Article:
Election 2019: University Council


There’s only one day left to vote in the SRC elections of 2019, and you’ll probably have noticed that there are two sets of emails that have been sitting in your inbox. The first contains a link to the SRC candidates for your faculty and also the general undergraduate representatives. The second however contains a link to vote for the one elected student member of university council, who is tasked with representing the voice of the entire student population. Currently this position has been held by Cissy Shen, however this year we have a whooping 9 candidates who are gunning for the opportunity to represent your voice.

Words || Grapeshot

Luke Saunders, Jose Francisco, Amanda Tan, Deborah Chin and Hugh Harrington have all been contacted for comment, and were either uncontactable or provided no answers to the questionnaire provided. The remaining candidates are Raphela Jude (Independent), Georgia Weeden (SPARK UP), Alexander Hablutzel (ALL1ANCE), and Daniel Cass (Independent).

So without further ado, here are the students looking to represent you in a room full of University VIPs:

Raphela Jude

Hi everyone!

I’m Raphela Jude, an optimist, fairy bread lover and brunch enthusiast. With dreams as big as my cheeks, I moved to Australia at the ripe age of seventeen. I’m running for the University Council as an individual candidate. This stems from my interest to help students acquire the best University experience they deserve.

1. What degree are you studying?

Bachelor of Arts- Media (final semester)

2. If elected, what aspects of university life do you intend to improve?

I am passionate about the well-being of students, safety on campus and sustainability. If elected, I aim to use my short period of standing to assist students in their needs to acquire a positive university experience.

3. How will you do this?

My aim is to take the University initiatives onto the next level with an optimistic approach. With my demonstrated experience volunteering with students, it has showed that students lack the awareness of the services available to them. I am passionate about sustainability issues and aim to create a greener campus.

•           Introduce return and earn stations on campus.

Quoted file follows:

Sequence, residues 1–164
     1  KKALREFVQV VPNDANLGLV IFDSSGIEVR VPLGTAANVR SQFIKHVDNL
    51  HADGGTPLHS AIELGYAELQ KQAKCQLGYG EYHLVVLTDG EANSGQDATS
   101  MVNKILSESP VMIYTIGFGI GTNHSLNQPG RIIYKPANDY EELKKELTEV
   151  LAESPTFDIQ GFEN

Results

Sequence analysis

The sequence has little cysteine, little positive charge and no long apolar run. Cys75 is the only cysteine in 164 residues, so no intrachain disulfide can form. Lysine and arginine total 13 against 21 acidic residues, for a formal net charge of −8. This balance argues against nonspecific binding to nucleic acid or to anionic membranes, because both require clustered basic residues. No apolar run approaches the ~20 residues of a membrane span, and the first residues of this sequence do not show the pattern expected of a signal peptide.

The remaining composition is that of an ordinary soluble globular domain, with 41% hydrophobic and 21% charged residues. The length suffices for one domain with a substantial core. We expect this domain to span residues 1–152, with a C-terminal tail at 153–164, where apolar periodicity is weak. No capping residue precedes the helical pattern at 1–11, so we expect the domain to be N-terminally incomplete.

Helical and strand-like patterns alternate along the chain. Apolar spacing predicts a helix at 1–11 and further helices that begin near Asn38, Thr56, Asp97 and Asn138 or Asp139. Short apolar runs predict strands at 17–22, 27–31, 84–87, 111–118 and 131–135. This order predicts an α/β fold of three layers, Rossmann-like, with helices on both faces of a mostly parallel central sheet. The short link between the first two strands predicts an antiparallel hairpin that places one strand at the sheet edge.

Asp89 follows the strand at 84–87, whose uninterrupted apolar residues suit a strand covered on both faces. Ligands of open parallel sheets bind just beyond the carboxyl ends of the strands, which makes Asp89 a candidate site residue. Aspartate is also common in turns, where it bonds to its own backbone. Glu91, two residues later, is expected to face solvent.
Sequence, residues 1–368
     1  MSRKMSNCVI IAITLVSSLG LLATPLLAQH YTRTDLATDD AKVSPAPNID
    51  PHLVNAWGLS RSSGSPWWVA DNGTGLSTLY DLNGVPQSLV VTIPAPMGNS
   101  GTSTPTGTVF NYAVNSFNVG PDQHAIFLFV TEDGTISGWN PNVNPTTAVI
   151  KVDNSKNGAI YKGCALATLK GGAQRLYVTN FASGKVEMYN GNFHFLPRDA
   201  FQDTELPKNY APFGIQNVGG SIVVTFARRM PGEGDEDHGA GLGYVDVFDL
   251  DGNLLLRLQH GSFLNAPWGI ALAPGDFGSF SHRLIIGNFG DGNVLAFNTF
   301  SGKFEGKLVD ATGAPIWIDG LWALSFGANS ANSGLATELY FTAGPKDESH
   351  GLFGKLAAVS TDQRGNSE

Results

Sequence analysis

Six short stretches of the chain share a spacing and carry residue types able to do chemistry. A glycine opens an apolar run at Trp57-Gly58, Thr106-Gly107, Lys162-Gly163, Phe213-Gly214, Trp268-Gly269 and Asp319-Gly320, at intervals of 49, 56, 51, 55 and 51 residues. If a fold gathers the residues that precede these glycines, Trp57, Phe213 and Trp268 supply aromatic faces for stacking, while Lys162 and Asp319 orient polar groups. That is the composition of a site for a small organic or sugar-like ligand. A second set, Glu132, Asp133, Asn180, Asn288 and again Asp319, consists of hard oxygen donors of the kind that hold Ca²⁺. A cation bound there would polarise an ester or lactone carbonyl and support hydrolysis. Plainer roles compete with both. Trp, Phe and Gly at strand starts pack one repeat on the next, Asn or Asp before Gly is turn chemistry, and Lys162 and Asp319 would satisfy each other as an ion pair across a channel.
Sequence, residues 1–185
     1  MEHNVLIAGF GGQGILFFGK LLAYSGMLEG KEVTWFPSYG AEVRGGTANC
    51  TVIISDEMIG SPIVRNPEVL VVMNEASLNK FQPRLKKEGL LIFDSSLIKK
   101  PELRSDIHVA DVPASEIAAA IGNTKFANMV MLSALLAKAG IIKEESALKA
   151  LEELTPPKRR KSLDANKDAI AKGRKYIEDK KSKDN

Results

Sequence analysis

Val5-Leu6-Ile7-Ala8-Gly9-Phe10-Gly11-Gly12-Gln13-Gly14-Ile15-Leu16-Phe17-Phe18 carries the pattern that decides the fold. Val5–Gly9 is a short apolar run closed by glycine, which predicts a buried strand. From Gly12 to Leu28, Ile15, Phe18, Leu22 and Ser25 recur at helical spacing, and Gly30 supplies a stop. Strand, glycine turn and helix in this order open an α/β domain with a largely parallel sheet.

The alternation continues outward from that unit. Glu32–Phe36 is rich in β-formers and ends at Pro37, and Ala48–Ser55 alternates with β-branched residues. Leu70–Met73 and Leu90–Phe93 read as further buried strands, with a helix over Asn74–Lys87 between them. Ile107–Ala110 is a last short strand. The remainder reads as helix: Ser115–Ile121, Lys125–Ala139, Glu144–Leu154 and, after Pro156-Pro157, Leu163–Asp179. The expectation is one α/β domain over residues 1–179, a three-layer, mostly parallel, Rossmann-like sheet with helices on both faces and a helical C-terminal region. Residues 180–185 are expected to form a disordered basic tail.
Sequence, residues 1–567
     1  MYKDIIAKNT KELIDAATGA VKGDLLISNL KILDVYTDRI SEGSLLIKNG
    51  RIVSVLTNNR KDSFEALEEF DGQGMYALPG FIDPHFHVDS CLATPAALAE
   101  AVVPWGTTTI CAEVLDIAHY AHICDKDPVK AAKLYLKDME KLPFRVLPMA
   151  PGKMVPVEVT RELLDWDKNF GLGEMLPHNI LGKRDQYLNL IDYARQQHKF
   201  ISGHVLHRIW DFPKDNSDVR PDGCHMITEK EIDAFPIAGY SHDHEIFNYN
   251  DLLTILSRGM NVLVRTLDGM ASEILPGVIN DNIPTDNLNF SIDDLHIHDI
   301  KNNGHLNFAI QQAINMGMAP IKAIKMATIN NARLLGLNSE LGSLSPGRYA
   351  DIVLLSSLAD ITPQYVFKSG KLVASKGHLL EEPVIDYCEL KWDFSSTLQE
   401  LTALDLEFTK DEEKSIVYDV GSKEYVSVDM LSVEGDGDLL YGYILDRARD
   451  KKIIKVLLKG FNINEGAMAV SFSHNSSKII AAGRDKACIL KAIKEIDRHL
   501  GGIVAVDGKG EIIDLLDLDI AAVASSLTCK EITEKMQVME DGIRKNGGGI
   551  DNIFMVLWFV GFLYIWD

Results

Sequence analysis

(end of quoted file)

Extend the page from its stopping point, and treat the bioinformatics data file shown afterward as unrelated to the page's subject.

•           To eliminate the use of single-use plastics

•           Raising awareness to students on the services of campus wellbeing, security and governance at University. 

4. In your opinion, what are some potential challenges for the incoming SRC?

I’m running for this position as I want to play an active role in the ongoing improvement of our University and its many facets. The council contributes to a wide range of commercial, governance, legal, academic, administrative and public sector expertise to the business and operation of the University. I believe the Council- a statutory authority will be open to listening to a wide range of issues of students. As the highest point, I am positive that the team will be able to provide new and improved policies.

Georgia Weeden

I’m Georgia Weeden and I am running under ‘Spark Up’ to be the Student Representative on University Council. I am unfortunately a fiend for anything caffeinated and most likely found bunkered down in the library at the craziest hours of the day. Whether it be in class, at sport, the U Bar or society events, there is a good chance you’ll see me there!

1. What degree are you studying?

I am studying a Bachelor of Laws and Arts (Majoring in Public Policy, Law and Governance).

2. If elected, what aspects of university life do you intend to improve?

Whilst I have LOVED my university experience at Macquarie, I want to ensure that every student, regardless of faculty or degree, has a unique university experience that is not only enjoyable but prepares students for a career and life after Macquarie.   

We have a fantastic university, but I can also acknowledge that there is room for improvement.

For those who know me, I am a huge advocate for what I call a ‘holistic education’. This is one that ensures students become well rounded and ready to ‘rock and roll’ when the time comes to leave University.  This means ensuring every student have equal access to opportunity, encouraging students to come to university and get involved in our community, and lastly making sure our campus and online infrastructure facilitates learning, after all that’s what we are here to do.